St Simons Island Beer Guide
While St Simons Island, Georgia may stand out as a foodie destination, they are a little behind when it comes to craft beer. It’s not for lack of trying though. The issue is that Georgia’s archaic, distributor and big beer controlled laws make it difficult for craft breweries to open and survive. There isn’t a single brewery in the region.
However, restaurants, bars, and bottle shops do what they can to fill their taps and stock their shelves with what little offerings are available from Georgia based craft breweries. They fill the void with beers from more craft brewery friendly regional states like Florida, North Carolina, and Alabama.
To help you find the best in craft beer on St Simons Island, I’ve developed this St Simons Island Beer Guide.
Bottle Shops and Growler Fill Stations
One of the first things I do when traveling is stop by a bottle shop or growler fill station to make sure I have beer stocked in my hotel room. Thus, I’m going to begin this St Simons Island beer guide with bottle shops.
Your choice on St Simons Island is limited to Weber’s Growler Factory, which is not to be confused with Weber’s Pub Package Store. They are located near each other, but not in the same building, (I accidentally popped into the Pub Package Store first). Weber’s Growler Factory has an impressive number of taps to fill your growler with. They also have a decent sized bottle collection to choose from. I do want to point out though that unlike many growler fill shops that you’re used to, there is no bar where you can relax over a pint. Once again, this is due to archaic local laws. However, you can order a flight. Georgia law does limit how many of those samples a customer can purchase per day though.
A craft beer alternative option is the mead selection over at Savannah Bee Company. Their selection of meads range from sweet to dry. I suggest paying for the $5 sampling to see which whets your palate the most. I recommend the dry-hopped Honeycone from Nectar Creek in Corvallis, Oregon. It was the closest resembling beer. Of course, Monk’s Mead from Monk’s Meadery in Atlanta was also quite nice. The carbonation added a nice touch and mellowed out the honey flavors.
Restaurants and Bars
There are several restaurants and bars on the island with more than a decent craft beer selections. My biggest criticism though is that the taps tend to feature beers from larger Georgia breweries like Sweetwater and Terrapin, all beers that are easily found throughout the southeast. If you look hard enough, you can find some hidden gems from breweries like Orpheus Brewing, Red Hare, and Jekyll Brewing (not associated with Jekyll Island).
Gnat’s Landing, one of St Simons Island’s most famous restaurants, has a 11 taps that rotate quite regularly. Their regular rotation allows in some fun seasonal selections beyond the 420-esque beers that you may already know (and love). Gnat’s also has an awesome food selection of seafood and southern influenced favorites. It’s worthy of a stop on your itinerary.
Around the corner from Gnat’s and also in Redfern Village is Bubba Garcia’s, whose second floor bar was recommended to me by the folks at Weber’s Growler Factory. Perhaps it was my timing, but I was more than a little disappointed with their selection. The drafts featured Mexican and big beer selections, and the only non-macro craft beer on their bottle list, they were out of. I left without ordering a beer.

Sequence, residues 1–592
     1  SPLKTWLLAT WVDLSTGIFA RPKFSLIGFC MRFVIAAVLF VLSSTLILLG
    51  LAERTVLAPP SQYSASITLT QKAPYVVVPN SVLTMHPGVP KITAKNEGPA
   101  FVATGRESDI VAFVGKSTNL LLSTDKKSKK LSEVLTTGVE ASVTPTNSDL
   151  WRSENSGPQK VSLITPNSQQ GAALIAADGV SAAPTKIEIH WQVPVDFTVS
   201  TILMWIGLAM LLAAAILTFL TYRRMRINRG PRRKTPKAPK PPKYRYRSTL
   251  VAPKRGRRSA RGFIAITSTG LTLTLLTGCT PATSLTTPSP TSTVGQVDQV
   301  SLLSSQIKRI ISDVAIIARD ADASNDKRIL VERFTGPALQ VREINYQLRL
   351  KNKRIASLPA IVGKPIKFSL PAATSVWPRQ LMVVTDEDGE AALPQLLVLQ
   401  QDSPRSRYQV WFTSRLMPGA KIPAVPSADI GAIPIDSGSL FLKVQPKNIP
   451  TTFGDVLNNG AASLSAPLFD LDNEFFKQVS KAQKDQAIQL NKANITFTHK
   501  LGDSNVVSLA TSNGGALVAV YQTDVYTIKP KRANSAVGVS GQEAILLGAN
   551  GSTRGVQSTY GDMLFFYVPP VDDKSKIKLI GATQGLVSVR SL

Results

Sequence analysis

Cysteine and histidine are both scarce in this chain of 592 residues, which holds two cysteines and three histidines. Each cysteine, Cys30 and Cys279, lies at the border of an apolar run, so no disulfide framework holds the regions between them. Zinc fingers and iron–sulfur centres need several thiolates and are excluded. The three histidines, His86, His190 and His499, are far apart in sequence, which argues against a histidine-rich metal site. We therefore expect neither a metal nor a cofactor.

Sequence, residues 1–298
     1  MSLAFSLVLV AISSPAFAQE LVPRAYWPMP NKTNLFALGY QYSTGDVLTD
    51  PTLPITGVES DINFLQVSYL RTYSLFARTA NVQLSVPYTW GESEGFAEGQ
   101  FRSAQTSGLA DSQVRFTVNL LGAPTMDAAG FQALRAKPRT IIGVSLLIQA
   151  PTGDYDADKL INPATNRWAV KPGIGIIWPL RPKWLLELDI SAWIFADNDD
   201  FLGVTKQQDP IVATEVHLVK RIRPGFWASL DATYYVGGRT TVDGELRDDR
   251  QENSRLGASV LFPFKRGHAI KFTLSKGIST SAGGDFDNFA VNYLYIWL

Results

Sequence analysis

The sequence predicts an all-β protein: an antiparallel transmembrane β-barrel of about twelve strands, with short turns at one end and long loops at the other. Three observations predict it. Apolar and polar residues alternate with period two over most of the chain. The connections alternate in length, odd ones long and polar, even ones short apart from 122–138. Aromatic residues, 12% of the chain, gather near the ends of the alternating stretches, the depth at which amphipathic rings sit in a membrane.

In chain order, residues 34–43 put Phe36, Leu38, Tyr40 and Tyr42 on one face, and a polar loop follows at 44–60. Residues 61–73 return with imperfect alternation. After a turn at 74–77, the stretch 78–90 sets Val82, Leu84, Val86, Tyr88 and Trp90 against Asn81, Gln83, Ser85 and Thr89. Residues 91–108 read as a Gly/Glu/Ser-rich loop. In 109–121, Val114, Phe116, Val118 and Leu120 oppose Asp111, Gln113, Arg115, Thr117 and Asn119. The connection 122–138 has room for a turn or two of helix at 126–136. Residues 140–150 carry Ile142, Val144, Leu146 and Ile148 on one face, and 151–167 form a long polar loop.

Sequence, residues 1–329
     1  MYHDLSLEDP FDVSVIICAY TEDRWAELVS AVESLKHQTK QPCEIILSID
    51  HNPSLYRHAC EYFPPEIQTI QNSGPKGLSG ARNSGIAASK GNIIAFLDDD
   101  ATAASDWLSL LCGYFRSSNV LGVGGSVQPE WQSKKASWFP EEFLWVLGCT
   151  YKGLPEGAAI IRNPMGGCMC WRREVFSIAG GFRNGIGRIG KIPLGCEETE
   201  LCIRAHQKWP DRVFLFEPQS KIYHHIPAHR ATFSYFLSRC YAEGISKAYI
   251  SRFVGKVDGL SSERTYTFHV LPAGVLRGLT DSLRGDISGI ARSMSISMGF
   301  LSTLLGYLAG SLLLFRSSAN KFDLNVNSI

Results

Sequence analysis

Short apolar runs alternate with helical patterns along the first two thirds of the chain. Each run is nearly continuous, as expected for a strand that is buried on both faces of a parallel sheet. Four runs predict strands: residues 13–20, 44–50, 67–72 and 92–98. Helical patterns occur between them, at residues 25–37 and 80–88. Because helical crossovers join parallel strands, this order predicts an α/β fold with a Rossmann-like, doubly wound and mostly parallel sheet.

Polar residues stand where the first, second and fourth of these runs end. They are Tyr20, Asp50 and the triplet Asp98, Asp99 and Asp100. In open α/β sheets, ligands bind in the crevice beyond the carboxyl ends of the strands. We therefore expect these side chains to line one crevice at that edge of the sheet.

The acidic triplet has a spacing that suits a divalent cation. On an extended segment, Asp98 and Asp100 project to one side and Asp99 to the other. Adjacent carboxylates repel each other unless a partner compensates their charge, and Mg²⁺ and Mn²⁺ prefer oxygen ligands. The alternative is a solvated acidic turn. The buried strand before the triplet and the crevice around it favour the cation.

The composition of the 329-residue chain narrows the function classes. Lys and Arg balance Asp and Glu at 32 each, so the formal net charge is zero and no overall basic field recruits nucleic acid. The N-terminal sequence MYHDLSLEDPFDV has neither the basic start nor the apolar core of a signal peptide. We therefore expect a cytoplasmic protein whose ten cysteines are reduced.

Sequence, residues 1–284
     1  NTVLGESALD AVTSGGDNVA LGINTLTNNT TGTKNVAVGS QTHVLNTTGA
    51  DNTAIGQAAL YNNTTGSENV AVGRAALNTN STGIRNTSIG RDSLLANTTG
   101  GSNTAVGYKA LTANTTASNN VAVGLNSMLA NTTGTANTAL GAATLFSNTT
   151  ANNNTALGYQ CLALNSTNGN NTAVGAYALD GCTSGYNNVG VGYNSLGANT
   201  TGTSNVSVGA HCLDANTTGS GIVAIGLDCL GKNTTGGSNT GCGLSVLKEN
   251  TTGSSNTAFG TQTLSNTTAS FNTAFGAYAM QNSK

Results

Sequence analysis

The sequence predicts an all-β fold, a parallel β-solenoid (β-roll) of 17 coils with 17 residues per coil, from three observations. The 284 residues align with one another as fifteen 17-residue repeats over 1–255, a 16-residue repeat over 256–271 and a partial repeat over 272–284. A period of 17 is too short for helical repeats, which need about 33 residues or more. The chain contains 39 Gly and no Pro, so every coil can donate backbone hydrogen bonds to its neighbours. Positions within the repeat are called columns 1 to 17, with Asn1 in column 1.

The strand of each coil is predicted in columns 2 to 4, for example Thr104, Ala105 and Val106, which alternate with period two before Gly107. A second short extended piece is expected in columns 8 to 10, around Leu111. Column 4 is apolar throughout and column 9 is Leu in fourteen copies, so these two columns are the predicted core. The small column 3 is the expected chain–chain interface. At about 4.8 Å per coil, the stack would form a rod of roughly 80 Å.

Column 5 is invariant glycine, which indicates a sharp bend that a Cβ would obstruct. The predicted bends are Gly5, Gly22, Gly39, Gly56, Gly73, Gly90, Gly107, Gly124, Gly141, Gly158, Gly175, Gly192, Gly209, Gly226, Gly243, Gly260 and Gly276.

In the Pier Village, which is the neighborhood surrounding the lighthouse and pier, there are a couple of options for craft beer. Palm Coast, a coffee shop turned pub, conveniently meets both your morning and evening needs. Nine taps are crammed into Palm Coast’s tiny bar. The beer curator seems to do the best on the island to make sure those nine pour your harder to find beers. Check their hours before you go though as Palm Coast does close from 3-5:30 on Sunday through Wednesday, limiting your vacation daytime drinking.
If Palm Coast is closed and you must quench that afternoon thirst, then walk around the block to Mellow Mushroom. Mellow Mushroom has by far the largest number of taps on St Simons Island. Most of those taps feature your macro craft beer like Sweetwater, Ballast Point, and Sierra Nevada, with a few hidden gems buried amongst them.
One place that won’t show up on most beer lists for St Simons Island is Southern Soul Barbeque. It’s not the kind of place you’re going to hang out and drink beer, but you are going to go there for the BBQ. It’s good to know that you can wash down their famous BBQ with hyper local craft beer. In fact, when I was there, three of their four taps featured smaller, Georgia breweries.
Where to stay
St Simons Island does have what I would call a beer forward hotel – The King and Prince Resort. It’s where I stayed when I was on the island and I highly recommend it for more than just beer. But we’re talking about beer, here. The resort’s bar, ECHO Bar, gets a little playful with their taps and on occasion features tap takeovers. They also sourced a rather lengthy list of craft beers in cans to enjoy poolside.
As you can see from this St Simons Island beer guide, that while the island and surrounding region may not have a brewery, there are still plenty of options to meet your craft beer needs.
St Simons Island Beer Guide Map